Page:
• business
  • investing
  • real estate
  • relationship building
  • entrepreneurship
  • test taking
  • sales
  • technology
  • surfing
  • riding a bike
  • coaching
  • cooking
  • gardening
  • driving
  • flying
  • writing
  • art
  • mechanics
  • parenting
  • That thing couples do that turns them into parents

Learn By Playing

To learn a new game you simply have to play it. There is no way around it. You have to learn the rules as you go. You learn through the process of playing. Not by absorbing an overview of the rules of the game before you start.

Far too often we delay playing the most interesting games (entrepreneurship, investing, writing, pickleball) until we have studied it completely. But studying the games of life is largely procrastination. Learn 10% ahead of time, and then start. You’ll learn the rest on the chutes and ladders.

Key Takeaway

You don’t learn how to play the games of life by reading the instructions. You learn by actually playing the games. The details reveal themselves as you go. The games you will play are far too complicated to comprehend through simply reading. So start playing. Clarity will come quickly when you are rubbing against the rules rather than reading them.

It’s your turn.

*If you know someone who could benefit from this message, please share it with them.

How to make magic with just 10 minutes.

It’s remarkable what you can do with just 10 minutes. In fact, it only takes 10 minutes to kickstart your biggest, wildest ambitions. You can sketch out an initial plan for anything. And in doing so, you perform the most important work of the entire process.

Things You Can Do With Just 10 Minutes:

  • Outline a vision for that business you want to start.
  • Begin researching a career change.
  • Start writing a book, blog, or screenplay. (Or get crazy and write a screenless play.)
  • Book travel to that destination you’ve always dreamed of visiting.
  • Create your bucket list.
  • Hit Zillow to look for a new home.
  • Find a class you want to take to expand your skillz. (Remember what Napoleon Dynamite said about skillz.)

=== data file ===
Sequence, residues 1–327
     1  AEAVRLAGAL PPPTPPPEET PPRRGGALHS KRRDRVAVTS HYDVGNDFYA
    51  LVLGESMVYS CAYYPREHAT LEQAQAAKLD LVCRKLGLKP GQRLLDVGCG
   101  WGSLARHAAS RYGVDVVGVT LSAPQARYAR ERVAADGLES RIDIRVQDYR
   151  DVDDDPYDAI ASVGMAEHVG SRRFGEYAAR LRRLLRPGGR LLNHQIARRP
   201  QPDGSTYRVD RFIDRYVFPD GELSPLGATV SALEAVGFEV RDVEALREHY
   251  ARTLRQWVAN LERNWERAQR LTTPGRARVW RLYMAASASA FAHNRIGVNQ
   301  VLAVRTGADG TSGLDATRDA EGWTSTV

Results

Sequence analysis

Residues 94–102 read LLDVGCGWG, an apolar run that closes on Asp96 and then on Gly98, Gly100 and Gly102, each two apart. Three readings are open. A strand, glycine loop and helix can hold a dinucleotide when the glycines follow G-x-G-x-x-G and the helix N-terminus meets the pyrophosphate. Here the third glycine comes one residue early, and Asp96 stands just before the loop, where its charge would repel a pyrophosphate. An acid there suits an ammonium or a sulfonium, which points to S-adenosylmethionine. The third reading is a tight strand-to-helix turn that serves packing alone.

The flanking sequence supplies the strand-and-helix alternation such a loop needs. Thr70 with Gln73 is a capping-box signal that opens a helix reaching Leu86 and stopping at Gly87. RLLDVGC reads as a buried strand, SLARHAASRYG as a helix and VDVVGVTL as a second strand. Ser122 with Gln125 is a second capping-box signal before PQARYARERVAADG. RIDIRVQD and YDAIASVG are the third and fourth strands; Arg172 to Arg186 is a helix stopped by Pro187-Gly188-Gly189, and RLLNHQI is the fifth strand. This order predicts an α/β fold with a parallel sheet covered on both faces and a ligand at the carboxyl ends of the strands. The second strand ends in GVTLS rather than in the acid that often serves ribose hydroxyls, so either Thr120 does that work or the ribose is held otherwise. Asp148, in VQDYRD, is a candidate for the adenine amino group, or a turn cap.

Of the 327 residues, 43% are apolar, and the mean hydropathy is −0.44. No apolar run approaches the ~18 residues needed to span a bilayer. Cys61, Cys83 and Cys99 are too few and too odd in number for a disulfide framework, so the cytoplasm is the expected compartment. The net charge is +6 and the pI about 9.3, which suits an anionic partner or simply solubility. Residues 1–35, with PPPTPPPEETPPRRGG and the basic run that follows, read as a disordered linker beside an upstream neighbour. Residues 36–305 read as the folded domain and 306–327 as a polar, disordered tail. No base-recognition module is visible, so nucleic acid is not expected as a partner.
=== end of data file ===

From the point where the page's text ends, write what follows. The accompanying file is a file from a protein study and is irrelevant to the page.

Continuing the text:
• Start reading that book you’ve always meant to read.
  • Sign up to volunteer your time.
  • Introduce yourself to someone you want to meet.
  • Listen to 5 Minutes of Funk by Whodini, twice. (That’s my jam!)
  • Book tickets to an experience.
  • Start learning an instrument.
  • Complete 8 Minute Abs. Then watch a Chuck Woolery commercial break.

Key Takeaway

You can always find 10 minutes. And in those 10 minutes, you can do the most important work of all. You can begin. You can plan. You can sketch. You can outline the process. You can unfold the roadmap and detail the journey. And once you do, you’re sure to find 10 more minutes to take the next step.

*If you know someone who could benefit from this message please share it with them.

A lesson from the most exciting game I ever played.

When I was in 4th grade I was in a tense floor hockey game in gym class. Yes, we’re talking about floor hockey. In gym class. (Cue the Allen Iverson incredulous stink face.)

In the last game of the 4th-grade gym class floor hockey season, my team was down by 2 goals with under 2-minutes remaining on the clock.

With 1 minute and 45 seconds to go in the game, I scored a goal on a slap shot from 30 feet out. Suddenly, my team was down by just 1 point. And in my head, I started singing ‘Bring out your best, Budweiser Light…’ which was a popular ad campaign jingle from my youth. (Good job appealing to the 10-year olds Budweiser!)

Then, with just 30 seconds left in the game, I assisted on a goal to tie the game up.

We then rotated positions and I played goalie for the final 30 seconds. Suddenly, the DJ in my head faded down the Budweiser jingle and pushed play on Eye Of The Tiger.

With under 10 seconds left in the game, I stopped a shot on goal from one of the 5 Ryans in my class. With a MacGyver-like awareness of the ticking clock, I instantly gathered the puck and shot it from my own goal, across the entire gym floor, past all the defenders, and into the opposing goal to win the game. And I lost my little 4th-grade mind.

Over the next 13 years of my athletic career, I participated in 2 high school state final four football games, 4 high school state track meets, 2 New England high school track championships, 3 Big 10 Conference track and field championships and several track meets with 30,000 to 40,000 spectators. But to this day, that floor hockey game, with that ending, and my role in it, remains one of my favorite and most confidence-inspiring memories of my entire life.

Key Takeaway

It is never too late. There is always a chance. Keep believing. Keep going. Keep trying. Find the soundtrack in your head that ignites you. And believe in miracles. I do. Because I feel like I have helped make them happen. And you can too.

*If you know someone who could benefit from this message, please share it with them.  

I have finally seen a digital copy of my book.